Hey Gang! Due to my imagined popularity of last week’s post, I want to talk more about leadership. If I had fans, I am quite sure they would e-mail me questions. I believe it would go as follows:
Dear Cathy Gainer Corporate Trainer,
Please help me! I am a new boss to a team of people who I am far superior to. I desperately need to force them to respect me. What should I do?
Didn’t Observe Underlings Cry Heard Everywhere
My reply would be:
I am glad you came to me and congrats on a well deserved promotion! Knowing that your workforce is inferior to you is the first step to being a successful Supervisor. I have several suggestions that would work great. I plan on using them if I am ever put in charge of anyone.
Gainer Governing Rule #1- Publicly point out your subordinate’s mistakes. There is nothing like good old-fashion humiliation to make people think, “Wow, what a great boss!” If you have an email system, be sure to reprimand your employees in writing, while blind cc’ing it to the rest of the group. It shows your team that you have a sharp eye for detail!
Gainer Governing Rule #2- Let your team be fully aware of the consequences of their actions. Continually remind them that they can be terminated over any infraction, large or small. Find out the employees who are in a one-income family or who have many dependents. They seem most motivated by this tactic. When you see their eyes become dull and dejected, you know your leadership is working.
Finally, Gainer Governing Rule #3- Let your staff know that the company’s changing needs are far more important than the employee’s stagnant ones. Using buzz words like “flexibility” and “team player” lets you, the manager, change their job description and functions at any time. If you have a concerned or complaining employee, please review Gainer Governing Tip # 2.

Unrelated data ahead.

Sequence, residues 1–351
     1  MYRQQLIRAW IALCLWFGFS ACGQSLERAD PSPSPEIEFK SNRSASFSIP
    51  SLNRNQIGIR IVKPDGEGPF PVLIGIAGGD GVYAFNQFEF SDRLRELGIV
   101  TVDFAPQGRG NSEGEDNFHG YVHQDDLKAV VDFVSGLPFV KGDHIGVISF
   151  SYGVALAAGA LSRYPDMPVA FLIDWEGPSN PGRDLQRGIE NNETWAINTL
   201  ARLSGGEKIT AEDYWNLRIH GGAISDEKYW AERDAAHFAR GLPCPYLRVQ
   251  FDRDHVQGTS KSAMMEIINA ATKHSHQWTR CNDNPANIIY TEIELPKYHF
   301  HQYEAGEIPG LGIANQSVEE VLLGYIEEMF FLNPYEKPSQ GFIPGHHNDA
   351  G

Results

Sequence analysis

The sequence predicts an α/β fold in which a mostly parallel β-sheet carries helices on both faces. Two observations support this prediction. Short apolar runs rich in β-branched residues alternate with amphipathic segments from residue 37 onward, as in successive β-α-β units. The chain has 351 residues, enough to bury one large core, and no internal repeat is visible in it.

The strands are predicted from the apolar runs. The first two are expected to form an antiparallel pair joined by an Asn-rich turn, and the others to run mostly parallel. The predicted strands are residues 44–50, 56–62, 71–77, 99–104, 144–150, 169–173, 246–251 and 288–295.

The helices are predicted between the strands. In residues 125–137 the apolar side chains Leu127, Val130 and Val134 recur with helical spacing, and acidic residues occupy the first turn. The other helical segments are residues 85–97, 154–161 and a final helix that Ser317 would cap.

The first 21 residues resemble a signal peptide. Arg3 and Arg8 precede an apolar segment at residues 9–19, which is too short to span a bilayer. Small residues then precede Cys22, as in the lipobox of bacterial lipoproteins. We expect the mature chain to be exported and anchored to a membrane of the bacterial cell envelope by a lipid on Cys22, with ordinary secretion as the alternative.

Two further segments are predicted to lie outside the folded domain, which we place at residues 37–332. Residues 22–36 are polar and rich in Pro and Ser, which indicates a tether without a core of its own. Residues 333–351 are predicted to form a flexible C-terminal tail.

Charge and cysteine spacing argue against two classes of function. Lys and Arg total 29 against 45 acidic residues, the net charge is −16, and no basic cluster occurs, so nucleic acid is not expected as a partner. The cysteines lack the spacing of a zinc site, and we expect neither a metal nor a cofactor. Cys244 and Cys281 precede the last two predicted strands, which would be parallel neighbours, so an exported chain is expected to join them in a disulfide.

Thanks so much to everyone who fake e-mailed me!
Until next time, Gang!
Cathy Gainer Corporate Trainer
3 thoughts on “Whom’s The Boss?”
It’s those “bad” employees that force our “job creators” to move overseas somewhere. People in Bangladesh don’t complain about working for slave drivers who pay sweatshop wages and provide no benefits. If they do the company goons beat them with bamboo poles and drag them out by their heels. See how good we have it?
Too many people in technical businesses are promoted because they are good technically, but may not be good at managing. I spent most of my engineering career outside of management, out of choice, but spent my final years as a middle manager. I tried to always remember what it was like to be “in the trenches”.
I think that was my previous boss who sent you that fake email. With my current boss, I just look in the mirror and say, “Get over it, bitch. I’m wearing my bathrobe to work today and if you don’t like it you can complain to HR. By the way, I’m HR!”
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